Heras et al.[1992; 1995] were the first to adopt the focused-diffusion transport equation, including a source term, Q, which represents the injection rate of particles accelerated at the traveling shock. The use of this transport equation is more adequate for these SEP events since it allows us to reproduce the large and long-lasting anisotropies usually observed at low-energies in gradual SEP events [Heras et al., 1994]. The injection of particles is considered to take place at the cobpoint. To track this point with time, the authors used an MHD model that describes the shock propagation from a given inner boundary close to the Sun up to the observer. The IMF is described upstream of the shock by the usual Parker spiral. This model has been refined by including solar wind convection and adiabatic deceleration effects into the particle transport equation and the corotation of the IMF lines [Lario et al., 1998]. It has been successfully applied to reproduce the low-energy (< 20 MeV) proton flux and anisotropy profiles of a number of SEP events simultaneously observed by several spacecraft [Heras et al., 1995;Lario et al., 1998].

Kallenrode and Wibberenz [1997] and Kallenrode [2001] adopted the same scheme as the previous works. However, these authors use a semicircle propagating radially from the Sun at constant speed to describe the shock. They also parameterize the injection rate, Q, in terms of a radial and azimuthal variation which represents the temporal and spatial dependences of the shock efficiency in accelerating particles. They allow also for particle propagation in the downstream region of the shock just by changing the magnitude of the focusing length, however they do not modify the actual IMF topology behind the shock which may lead to different results [Lario et al., 1999]. They also allow for a transmission of particles across the shock, but not a change of the particle energy when they are reflected and/or transmitted. On the other hand, Torsti et al. [1996] and Antilla et al. [1998] adopted a similar scheme as the above-mentioned works but assumed, in order to locate the cobpoint, that the distance of the cobpoint to the observer along the IMF line connecting with the observer decreases linearly with time. They also used a complex parametric function to describe, Q, including energetic, temporal and spatial dependences. Differences among the above models have been described in Sanahuja and Lario [1998] and Kallenrode [2001].

Ng et al. [1999a, 1999b, 2001] have used a similar approach to deal with SEP simulations. The authors have developed a numerical model where the particle transport includes proton-generated Alfvén waves. Whereas the above-described models assume that the scattering of particles may be parametrized by a given mean free path (which may depend on the particle energy and time), Ng et al. [1999a] consistently solve the focused-diffusion transport equation for the particles and the equation describing the evolution of differential wave intensity. Assuming that particles are accelerated out of a constant source plasma with a specific composition, Ng et al. [2001] successfully describe the evolution of abundance ratios in some SEP events. No quantitative agreement of the predicted wave spectrum has yet been presented. Several simplifications were made in the model such as the assumption of radial IMF and the use of several phenomenological parameters in the equations. The shock was assumed to travel radially away from the Sun at a constant speed. The injection, Q, was also parametrized to account for temporal, radial and energy dependence. This model allows for a better description of self-generated scattering processes throughout the transport of particles of different species. Nevertheless, the use of radial IMF does not allow the reproduction of the longitudinal dependence shown in Figure 1. On the other hand, observation of shock speeds in different directions [Cane, 1988] and dynamic studies from MHD simulations [Smith and Dryer, 1990] indicate a decrease of the shock speed towards its flanks and a weakening of its front as it expands. Those models describing the shock as a semicircle propagating at constant speed oversimplify the shock geometry and evolution and therefore misplace the cobpoint and neglect the physical conditions at the point where particles are accelerated and injected.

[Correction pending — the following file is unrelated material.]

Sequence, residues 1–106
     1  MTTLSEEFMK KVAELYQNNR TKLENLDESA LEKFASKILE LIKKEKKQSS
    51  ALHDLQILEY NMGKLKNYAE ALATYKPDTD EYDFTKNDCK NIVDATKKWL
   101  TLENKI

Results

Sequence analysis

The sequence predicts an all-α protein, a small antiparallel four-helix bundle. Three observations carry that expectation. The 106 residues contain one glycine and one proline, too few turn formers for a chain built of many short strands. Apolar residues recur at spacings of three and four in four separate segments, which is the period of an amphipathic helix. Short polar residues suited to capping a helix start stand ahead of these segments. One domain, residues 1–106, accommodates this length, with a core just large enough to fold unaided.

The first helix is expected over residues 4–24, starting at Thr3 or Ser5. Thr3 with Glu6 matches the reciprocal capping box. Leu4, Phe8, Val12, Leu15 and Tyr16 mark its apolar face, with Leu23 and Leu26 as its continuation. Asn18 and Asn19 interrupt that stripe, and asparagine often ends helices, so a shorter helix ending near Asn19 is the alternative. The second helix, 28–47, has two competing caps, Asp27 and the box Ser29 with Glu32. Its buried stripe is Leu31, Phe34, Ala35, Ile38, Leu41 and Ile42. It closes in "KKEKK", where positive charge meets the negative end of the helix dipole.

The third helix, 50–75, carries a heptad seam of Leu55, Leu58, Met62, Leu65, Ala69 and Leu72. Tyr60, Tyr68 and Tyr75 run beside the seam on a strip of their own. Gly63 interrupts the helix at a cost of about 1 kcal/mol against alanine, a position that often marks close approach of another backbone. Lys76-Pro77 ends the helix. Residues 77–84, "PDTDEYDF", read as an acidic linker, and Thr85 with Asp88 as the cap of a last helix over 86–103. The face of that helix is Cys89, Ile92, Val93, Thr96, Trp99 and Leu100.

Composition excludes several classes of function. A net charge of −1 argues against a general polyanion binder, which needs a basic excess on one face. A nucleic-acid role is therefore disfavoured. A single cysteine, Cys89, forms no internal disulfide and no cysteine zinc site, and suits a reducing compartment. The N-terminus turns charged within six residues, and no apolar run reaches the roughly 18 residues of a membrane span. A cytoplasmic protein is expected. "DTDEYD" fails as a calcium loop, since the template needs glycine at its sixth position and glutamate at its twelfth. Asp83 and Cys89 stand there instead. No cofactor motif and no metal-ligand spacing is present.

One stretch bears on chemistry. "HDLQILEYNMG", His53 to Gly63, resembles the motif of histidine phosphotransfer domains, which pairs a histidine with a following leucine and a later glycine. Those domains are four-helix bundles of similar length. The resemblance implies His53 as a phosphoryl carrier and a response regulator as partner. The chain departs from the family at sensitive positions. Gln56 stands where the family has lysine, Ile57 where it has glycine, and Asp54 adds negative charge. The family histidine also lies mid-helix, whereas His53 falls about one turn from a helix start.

None of the above models treats the fundamental nature of particle acceleration at the evolving interplanetary shocks. The details of how the MHD conditions at the shock front translate into an efficiency in particle acceleration and how it evolves as the shock expands are not completely understood. Lario et al. [1998] proposed a parameterization to relate the evolution of the injection rate of shock-accelerated particles to the dynamic properties of the shock. That relation yields a quantification of the injection rate, its energy spectrum and its evolution; however, it does not address the physical mechanism of particle shock acceleration.

Recently, theoretical efforts have been addressed to incorporate the mechanisms of shock-acceleration of particles into traveling interplanetary shocks [Zank et al., 2000;Lee, 2001;Berezhko et al., 2001]. In particular, Zank et al. [2000] have developed a dynamical time-dependent model of particle acceleration at the propagating shock. This model assumes a spherically symmetric solar wind into which a blast wave propagates. Both the wind and shock are modeled numerically using hydrodynamic equations and assuming a Parker spiral for the IMF. The local characteristics of the shock, such as the shock strength or the Mach number, are dynamically computed. Those parameters are used to determine the distribution of particles injected into the diffusive shock acceleration mechanism. Shock-accelerated particles propagate diffusively in the vicinity of the shock generating resonant Alfvén waves which are included in the model. However, when these particles are far enough upstream of the shock, they are allowed to freely escape without experiencing any scattering, deceleration or convection effects. In that way, Zank et al. [2000] neglected the complications associated with a detailed transport model, such as those developed by Ruffolo [1995], Lario et al. [1998], and Ng et al. [1999a]. An interesting point of the Zank et al. [2000] model is that, for extremely strong shocks, particle energies of the order of 1 GeV can be achieved when the shock is still close to the Sun. As the shock propagates outward, the maximum accelerated particle energy decreases sharply. Other shock acceleration models [Berezhko et al., 2001] also suggest the possibility that 1 GeV protons can be accelerated when extremely strong shocks are close to the Sun (< 3 solar radii). Comparisons of these models of particle shock-acceleration with specific observations have not yet been reported. For the moment, no theoretical and/or numerical model treats SEP acceleration and transport near its full complexity.